Join our Mailing List

"I believe that to meet the challenges of our times, human beings will have to develop a greater sense of universal responsibility. It is the foundation for world peace."

China under pressure to continue ban on tiger trade

January 31, 2008

The Statesman
30 January 2008

The Financial Times Limited. Asia Africa Intelligence Wire. All material
subject to copyright. The Statesman (India) (c) 2008 All rights reserved

Press Trust of India Beijing, Jan. 28: Animal conservationists have
stepped up their campaign with renewed calls to the Chinese government
to continue with its 15-year-old moratorium on the trade in tiger parts,
warning that lifting of the ban would be "disastrous" for the big cats.

In their latest effort, the "Save the Tiger Fund" conducted a poll, with
findings that 95 per cent across the country supported the tiger-trade
ban, imposed in 1993.

Tiger bone is used in traditional Chinese medicine and wine made from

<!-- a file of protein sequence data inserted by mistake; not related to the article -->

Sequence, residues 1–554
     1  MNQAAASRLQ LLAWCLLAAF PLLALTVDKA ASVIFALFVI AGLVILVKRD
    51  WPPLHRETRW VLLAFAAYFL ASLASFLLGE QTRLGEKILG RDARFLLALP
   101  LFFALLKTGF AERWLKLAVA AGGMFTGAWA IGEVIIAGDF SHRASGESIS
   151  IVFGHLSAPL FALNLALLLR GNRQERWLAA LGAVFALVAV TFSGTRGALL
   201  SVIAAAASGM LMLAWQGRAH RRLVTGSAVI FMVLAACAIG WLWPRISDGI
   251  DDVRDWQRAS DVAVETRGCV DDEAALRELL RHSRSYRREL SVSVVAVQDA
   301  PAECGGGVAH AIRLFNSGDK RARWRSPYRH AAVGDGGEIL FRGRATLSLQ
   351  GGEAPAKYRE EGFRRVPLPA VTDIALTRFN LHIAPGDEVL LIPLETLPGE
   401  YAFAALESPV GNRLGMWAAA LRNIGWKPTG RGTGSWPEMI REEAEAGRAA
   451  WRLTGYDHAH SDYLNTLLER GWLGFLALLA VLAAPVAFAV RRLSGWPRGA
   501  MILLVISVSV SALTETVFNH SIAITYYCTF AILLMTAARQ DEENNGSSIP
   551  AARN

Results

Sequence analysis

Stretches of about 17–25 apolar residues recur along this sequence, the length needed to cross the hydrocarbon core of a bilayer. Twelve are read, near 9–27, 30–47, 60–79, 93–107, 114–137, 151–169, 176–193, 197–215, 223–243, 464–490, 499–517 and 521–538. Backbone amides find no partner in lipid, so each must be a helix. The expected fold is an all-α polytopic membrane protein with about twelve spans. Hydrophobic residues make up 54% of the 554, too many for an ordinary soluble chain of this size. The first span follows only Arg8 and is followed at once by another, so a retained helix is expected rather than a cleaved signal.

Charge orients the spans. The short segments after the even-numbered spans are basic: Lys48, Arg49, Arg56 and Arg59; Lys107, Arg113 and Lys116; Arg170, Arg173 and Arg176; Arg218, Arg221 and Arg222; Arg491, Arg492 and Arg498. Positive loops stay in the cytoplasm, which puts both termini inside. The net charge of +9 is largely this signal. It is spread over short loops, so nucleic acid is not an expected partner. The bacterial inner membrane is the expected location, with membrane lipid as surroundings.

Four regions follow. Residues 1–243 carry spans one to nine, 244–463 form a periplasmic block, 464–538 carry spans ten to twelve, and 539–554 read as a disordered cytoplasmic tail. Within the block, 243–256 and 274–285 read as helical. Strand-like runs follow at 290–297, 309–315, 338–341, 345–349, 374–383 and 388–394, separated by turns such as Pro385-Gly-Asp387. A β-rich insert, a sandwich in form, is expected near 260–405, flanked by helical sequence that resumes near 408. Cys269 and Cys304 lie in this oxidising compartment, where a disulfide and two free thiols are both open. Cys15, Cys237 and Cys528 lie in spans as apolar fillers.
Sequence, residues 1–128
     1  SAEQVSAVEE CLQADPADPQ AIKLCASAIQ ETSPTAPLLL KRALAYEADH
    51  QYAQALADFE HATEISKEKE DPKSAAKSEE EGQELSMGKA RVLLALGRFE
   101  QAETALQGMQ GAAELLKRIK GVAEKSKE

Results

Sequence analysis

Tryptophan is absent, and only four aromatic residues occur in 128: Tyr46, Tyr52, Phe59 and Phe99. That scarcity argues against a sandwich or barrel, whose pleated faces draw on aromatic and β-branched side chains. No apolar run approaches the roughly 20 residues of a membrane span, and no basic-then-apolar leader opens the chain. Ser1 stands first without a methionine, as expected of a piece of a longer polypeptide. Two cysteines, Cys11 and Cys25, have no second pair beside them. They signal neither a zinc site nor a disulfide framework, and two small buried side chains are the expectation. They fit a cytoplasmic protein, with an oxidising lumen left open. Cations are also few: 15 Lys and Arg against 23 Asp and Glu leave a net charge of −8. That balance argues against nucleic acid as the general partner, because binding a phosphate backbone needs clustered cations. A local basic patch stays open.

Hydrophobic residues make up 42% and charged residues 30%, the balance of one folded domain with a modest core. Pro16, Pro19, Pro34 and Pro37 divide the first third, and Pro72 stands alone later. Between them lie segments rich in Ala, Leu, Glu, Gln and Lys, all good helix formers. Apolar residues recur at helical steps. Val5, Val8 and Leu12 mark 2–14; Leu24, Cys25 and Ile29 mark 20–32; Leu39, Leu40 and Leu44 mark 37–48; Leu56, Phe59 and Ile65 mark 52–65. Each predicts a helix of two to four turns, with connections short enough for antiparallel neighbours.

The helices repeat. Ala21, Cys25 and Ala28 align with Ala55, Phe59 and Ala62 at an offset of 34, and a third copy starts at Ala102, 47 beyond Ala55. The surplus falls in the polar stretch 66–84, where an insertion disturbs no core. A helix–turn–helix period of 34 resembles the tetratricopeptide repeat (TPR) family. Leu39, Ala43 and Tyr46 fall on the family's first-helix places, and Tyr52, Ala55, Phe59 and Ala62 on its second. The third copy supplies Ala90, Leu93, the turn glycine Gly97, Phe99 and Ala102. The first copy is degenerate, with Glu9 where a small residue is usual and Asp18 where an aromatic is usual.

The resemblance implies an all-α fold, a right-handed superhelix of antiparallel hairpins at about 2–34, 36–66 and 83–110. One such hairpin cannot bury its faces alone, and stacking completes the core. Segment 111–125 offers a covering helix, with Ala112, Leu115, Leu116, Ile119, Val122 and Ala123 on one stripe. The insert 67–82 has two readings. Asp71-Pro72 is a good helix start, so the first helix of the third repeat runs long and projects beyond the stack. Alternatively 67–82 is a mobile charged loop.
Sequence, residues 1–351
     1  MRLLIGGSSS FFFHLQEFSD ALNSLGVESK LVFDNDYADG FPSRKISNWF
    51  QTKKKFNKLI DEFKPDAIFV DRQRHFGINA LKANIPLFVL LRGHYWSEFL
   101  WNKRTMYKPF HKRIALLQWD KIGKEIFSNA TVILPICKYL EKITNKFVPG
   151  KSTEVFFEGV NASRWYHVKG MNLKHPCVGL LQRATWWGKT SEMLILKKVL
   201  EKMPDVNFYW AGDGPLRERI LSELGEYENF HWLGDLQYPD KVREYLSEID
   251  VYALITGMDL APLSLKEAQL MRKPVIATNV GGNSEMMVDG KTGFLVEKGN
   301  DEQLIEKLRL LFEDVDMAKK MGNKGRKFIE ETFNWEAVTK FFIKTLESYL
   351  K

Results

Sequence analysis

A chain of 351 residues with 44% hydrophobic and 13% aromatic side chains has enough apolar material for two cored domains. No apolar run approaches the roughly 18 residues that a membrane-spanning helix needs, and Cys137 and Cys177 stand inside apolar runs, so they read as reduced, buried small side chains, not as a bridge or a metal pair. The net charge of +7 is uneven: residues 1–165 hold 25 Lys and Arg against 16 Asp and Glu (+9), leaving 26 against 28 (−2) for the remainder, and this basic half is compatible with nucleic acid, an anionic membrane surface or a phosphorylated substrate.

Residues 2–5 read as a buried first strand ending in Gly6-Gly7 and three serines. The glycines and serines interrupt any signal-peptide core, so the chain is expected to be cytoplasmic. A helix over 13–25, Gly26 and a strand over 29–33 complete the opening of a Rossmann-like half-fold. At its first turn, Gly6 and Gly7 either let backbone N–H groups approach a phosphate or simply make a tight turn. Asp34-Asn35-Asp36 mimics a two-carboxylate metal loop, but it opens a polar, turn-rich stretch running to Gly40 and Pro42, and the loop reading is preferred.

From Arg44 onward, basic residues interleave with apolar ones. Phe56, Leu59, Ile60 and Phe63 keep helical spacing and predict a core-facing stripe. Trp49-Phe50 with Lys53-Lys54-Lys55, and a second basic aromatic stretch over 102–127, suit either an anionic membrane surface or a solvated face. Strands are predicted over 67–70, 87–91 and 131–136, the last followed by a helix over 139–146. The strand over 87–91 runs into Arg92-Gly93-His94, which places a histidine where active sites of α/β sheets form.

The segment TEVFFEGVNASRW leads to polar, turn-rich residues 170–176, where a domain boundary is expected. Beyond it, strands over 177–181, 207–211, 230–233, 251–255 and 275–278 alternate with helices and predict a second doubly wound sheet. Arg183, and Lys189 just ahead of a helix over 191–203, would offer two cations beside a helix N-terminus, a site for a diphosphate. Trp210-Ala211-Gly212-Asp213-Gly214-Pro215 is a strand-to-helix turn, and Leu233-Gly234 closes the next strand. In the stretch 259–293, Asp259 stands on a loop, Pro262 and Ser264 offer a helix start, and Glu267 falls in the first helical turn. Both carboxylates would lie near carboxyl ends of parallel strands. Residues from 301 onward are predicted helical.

its blood is believed to give potency while its skin is highly valued in
Tibet, making the trade in tiger products a big money spinner for
poachers in China, India, Nepal and Bangladesh.

Ever since China banned harvesting of tiger bones in 1993,
conservationists and tiger-trade lobby have locked horns over the issue.

The pro-tiger trade insists parts of the dead captive- bred tigers
should be used citing its medicinal use but conservationists want the
government to halt captive breeding itself.

In the poll, 95 per cent backed the ban, while more than 77 per cent
said the ban was important for China's image.

Almost 95 per cent said they would abstain from the use of tiger
products to save the big cats, Xinhua news agency said.

"The results... present the strikingly clear message that most Chinese
people care so much about wild tigers that they are willing to change
behaviour that threaten the survival of tigers in the wild," Judy Mills
of the organisation was quoted as saying.
CTC National Office 1425 René-Lévesque Blvd West, 3rd Floor, Montréal, Québec, Canada, H3G 1T7
T: (514) 487-0665   ctcoffice@tibet.ca
Developed by plank